|Organization:||State Ethics Commission|
Settlement In the Matter of Frank Green
This Disposition Agreement ("Agreement") is entered into between the State Ethics Commission ("Commission") and Frank Green ("Green") pursuant to s.5 of the Commission's Enforcement Procedures. This Agreement constitutes a consented to final order enforceable in the Superior Court, pursuant to G.L. c. 268B, s.4(j).
On August 9, 1993, the Commission initiated, pursuant to G.L. c. 268B, s.4(a), a preliminary inquiry into possible violations of the conflict of interest law, G.L. c. 268A, by Green. The Commission has concluded its inquiry and, on October 19, 1994, found reasonable cause to believe that Green violated G.L. c. 268A.
The Commission and Green now agree to the following findings of fact and conclusions of law:
1. At all relevant times, Green was employed as the building inspector for the Town of Richmond. This was a part-time position to which Green was appointed by the Richmond Board of Selectmen and for which he was paid $100 per month. As the Richmond building inspector, Green was a municipal employee as that term is defined in G.L. c. 268A, s.1(g).
2. Green's official duties as the Richmond building inspector included issuing building permits for construction done in the town and performing inspections to ensure that all work performed pursuant to such permits complied with the state building code.
3. At all relevant times, Green was also self-employed as a carpenter and building contractor.
4. In 1992, Harold Dupee ("Dupee") owned a lakefront cottage at Richmond Shores which had been heavily damaged by fire and which Dupee wished to replace with a new house. Because of the cottage's lakefront location, Dupee was required to build his new house on the cottage's existing floor dimensions or "footprint". In November 1992, Green was present in his capacity as building inspector when Dupee measured the floor dimensions of the burned cottage. These measurements were used to determine the dimensions of Dupee's new house and were apparently somewhat greater than the dimensions of the existing cottage shown on the Richmond Town Assessor's card for the property.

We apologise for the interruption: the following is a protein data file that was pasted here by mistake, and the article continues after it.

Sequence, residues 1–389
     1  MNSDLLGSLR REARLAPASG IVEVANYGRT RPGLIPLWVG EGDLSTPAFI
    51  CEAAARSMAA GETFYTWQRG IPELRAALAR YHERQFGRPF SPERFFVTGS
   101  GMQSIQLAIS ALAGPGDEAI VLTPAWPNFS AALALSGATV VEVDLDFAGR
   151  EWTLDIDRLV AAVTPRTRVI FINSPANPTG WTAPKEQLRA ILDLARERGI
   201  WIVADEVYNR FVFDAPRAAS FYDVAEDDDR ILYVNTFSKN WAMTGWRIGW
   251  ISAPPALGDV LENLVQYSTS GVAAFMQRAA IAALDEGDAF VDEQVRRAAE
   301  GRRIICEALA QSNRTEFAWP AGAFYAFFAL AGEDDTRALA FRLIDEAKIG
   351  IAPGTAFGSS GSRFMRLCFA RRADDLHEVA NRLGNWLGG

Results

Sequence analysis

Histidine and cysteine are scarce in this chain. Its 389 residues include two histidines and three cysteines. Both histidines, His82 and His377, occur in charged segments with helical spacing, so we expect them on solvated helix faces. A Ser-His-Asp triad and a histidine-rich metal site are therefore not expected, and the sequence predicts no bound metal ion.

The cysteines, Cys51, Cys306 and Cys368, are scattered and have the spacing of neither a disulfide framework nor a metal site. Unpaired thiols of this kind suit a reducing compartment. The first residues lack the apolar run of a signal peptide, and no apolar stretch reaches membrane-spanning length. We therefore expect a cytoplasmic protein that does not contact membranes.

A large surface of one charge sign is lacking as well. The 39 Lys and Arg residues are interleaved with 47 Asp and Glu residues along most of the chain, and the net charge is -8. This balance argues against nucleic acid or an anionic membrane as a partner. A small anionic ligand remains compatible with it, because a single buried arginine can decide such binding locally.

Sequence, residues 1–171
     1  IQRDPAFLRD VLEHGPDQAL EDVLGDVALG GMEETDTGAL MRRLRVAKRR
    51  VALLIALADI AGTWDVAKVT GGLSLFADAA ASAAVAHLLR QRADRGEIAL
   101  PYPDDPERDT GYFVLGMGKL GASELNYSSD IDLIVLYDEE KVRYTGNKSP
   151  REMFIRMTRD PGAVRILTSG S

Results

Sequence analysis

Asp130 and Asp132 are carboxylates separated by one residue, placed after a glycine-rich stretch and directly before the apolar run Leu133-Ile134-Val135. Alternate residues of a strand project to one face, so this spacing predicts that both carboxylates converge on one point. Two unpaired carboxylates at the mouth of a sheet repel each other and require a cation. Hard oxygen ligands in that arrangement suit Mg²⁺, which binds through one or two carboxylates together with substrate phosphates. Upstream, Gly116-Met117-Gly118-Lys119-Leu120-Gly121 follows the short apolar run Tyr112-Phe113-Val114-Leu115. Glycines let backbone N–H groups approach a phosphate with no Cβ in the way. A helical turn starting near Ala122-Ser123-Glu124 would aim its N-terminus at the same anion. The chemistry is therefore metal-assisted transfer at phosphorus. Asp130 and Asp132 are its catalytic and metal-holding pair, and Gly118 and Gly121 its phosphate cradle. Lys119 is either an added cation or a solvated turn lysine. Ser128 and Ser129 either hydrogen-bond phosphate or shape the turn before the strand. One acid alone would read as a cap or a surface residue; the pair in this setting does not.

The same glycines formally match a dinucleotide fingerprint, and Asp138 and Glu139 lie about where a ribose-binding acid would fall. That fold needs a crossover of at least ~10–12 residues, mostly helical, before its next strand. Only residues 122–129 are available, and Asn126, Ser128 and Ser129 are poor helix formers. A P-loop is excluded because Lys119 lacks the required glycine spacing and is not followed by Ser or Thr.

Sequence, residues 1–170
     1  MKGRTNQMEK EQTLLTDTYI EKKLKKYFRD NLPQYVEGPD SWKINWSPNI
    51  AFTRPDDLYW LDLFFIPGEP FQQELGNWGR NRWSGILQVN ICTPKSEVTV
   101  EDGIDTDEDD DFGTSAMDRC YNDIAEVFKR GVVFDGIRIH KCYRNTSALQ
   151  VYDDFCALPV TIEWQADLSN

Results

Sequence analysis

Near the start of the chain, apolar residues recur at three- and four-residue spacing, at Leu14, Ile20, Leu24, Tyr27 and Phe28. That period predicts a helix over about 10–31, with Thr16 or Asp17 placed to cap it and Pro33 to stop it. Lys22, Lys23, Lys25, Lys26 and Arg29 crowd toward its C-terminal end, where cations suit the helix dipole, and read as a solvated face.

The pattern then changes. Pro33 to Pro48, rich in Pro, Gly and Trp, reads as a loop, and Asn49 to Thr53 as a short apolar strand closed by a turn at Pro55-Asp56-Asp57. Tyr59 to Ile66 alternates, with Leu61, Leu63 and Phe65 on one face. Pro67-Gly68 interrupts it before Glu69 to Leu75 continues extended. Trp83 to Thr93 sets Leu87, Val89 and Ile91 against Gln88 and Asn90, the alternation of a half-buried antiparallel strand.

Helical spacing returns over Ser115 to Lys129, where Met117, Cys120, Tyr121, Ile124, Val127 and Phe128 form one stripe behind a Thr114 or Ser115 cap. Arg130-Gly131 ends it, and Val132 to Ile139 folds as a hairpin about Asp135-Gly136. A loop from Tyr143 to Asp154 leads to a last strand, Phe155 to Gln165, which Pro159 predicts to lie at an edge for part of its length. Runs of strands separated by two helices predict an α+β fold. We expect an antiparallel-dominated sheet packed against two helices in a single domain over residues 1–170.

Soon after the measurements of the burned Dupee cottage were made, Green was hired by Dupee to build a house to replace the burned cottage. After he was hired by Dupee, Green filled out an application for a building permit to build Dupee's new house and signed the permit as the applicant. On December 23, 1992, Green again signed the permit application, this time in his capacity as the Richmond building inspector, and obtained the required signatures of the Richmond zoning enforcement officer and the Richmond Board of Health. Green then issued the permit, allowing Green to proceed with the construction of Dupee's new house.
In the course of Green's construction of Dupee's new house, an issue was raised as to whether the new house was larger than the cottage it replaced. While the evidence on this point is contradictory, Green concedes that the floor area of the new house is approximately 80 square feet larger than the footprint of the old cottage. Green attributes this difference to a lack of care on his part in checking Dupee's measurements of the footprint of the burned cottage, rather than deliberate action on Green's part. In April 1993, the Richmond Zoning Board of Appeals approved a special permit and variance for the new house without deciding the size issue.
Green was paid almost $20,000 for his labor in building Dupee's house; Dupee provided the materials. 5. Green, in his capacity as the Richmond building inspector, issued the following additional building permits where Green had personally applied for the permit and where Green was the contractor hired by the owner to perform the permitted work:
a. on January 10, 1990, a permit to raise a house and install a new foundation at a Richmond Shores property;